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In light of this link , it would seem inline scripts such as are used for inserting a recaptcha object in the page, via

<script type="text/javascript"
     src="http://www.google.com/recaptcha/api/challenge?k=your_public_key">
</script>
<noscript>
<iframe src="http://www.google.com/recaptcha/api/noscript?k=your_public_key"
     height="300" width="500" frameborder="0"></iframe><br>
<textarea name="recaptcha_challenge_field" rows="3" cols="40">
</textarea>
<input type="hidden" name="recaptcha_response_field"
     value="manual_challenge">
</noscript>

or via

 <script type="text/javascript" src="http://www.google.com/recaptcha/api/js/recaptcha_ajax.js"></script>

with

Recaptcha.create("your_public_key",
"element_id",
{
  theme: "red",
  callback: Recaptcha.focus_response_field
}

);

I always get some complaint about the content security policy, despite my manifest.json apparently allowing urls' like http://www.google.com/recaptcha/api/js/recaptcha_ajax.js

Am I missing something really obvious that makes this whole question crazy?

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2 Answers 2

I just spent two hours fighting with this. For me, and I think for this example as well, the problem lies in the src attribute; that is, in the http:. Changing the references as follows:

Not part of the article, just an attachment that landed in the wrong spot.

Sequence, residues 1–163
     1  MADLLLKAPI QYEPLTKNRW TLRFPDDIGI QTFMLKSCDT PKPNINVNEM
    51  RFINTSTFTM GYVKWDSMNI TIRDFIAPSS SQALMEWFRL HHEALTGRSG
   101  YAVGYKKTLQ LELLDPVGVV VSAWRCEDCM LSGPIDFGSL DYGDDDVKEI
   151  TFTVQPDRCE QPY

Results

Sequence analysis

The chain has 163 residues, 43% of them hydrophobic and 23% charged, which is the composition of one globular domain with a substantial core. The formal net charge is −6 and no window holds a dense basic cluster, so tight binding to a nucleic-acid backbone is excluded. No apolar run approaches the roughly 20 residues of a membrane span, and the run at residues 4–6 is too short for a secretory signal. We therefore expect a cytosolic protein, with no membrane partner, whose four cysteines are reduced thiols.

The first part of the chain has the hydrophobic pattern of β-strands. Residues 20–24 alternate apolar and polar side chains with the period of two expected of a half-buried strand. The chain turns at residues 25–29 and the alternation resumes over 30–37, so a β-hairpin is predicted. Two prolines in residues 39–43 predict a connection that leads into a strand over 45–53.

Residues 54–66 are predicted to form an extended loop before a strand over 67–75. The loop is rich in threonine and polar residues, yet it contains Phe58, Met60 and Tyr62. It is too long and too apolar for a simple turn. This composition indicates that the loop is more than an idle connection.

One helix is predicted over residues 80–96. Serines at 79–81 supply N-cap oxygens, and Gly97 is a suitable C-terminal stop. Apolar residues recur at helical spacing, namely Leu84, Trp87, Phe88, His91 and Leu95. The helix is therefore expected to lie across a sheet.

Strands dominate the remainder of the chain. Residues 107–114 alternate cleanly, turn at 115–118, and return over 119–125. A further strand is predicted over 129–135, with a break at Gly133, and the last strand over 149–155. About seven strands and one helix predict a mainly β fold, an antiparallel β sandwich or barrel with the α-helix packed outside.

<script type="text/javascript" 
     src="https://www.google.com/recaptcha/api/challenge?k=your_public_key">
              ^  v
<iframe src="https://www.google.com/recaptcha/api/noscript?k=
     height="300" width="500" frameborder="0"></iframe>

fixed the problem. Basically, you're attempting to access the google api with an unsecure connection, and certain browsers (e.g., Chrome) don't render insecure content by default.

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In a Chrome extension, the non-secure http cannot be whitelisted via the CSP.
The documentation states:

Relaxing the default policy

(...) If, on the other hand, you have a need for some external JavaScript or object resources, you can relax the policy to a limited extent by whitelisting specific HTTPS origins from which scripts should be accepted. Whitelisting insecure HTTP resources will have no effect. This is intentional, because we want to ensure that executable resources loaded with an extension's elevated permissions is exactly the resource you expect, and hasn't been replaced by an active network attacker. As man-in-the-middle attacks are both trivial and undetectable over HTTP, only HTTPS origins will be accepted.

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I have this same problem. What can we do then? –  Vigneshwaran Jul 6 '12 at 9:05
    
@Vigneshwaran What's your problem? Consider creating a new question with specific details if needed. –  Rob W Jul 6 '12 at 9:09
    
My chrome extension uses Google Feed apis. Those apis call some other Javascripts over 'HTTP' so you know there's no solution for me. only HTTPS origins will be accepted I'm solving it by moving to different feed api provider. –  Vigneshwaran Jul 6 '12 at 10:05
    
@Vigneshwaran "Call other JavaScript" -> Using XMLHttpRequest? If yes, then you can fix the issue by adding a valid match pattern to the manifest, e.g. "permissions": ["http://api.somedomain.com/*"]. –  Rob W Jul 6 '12 at 10:08

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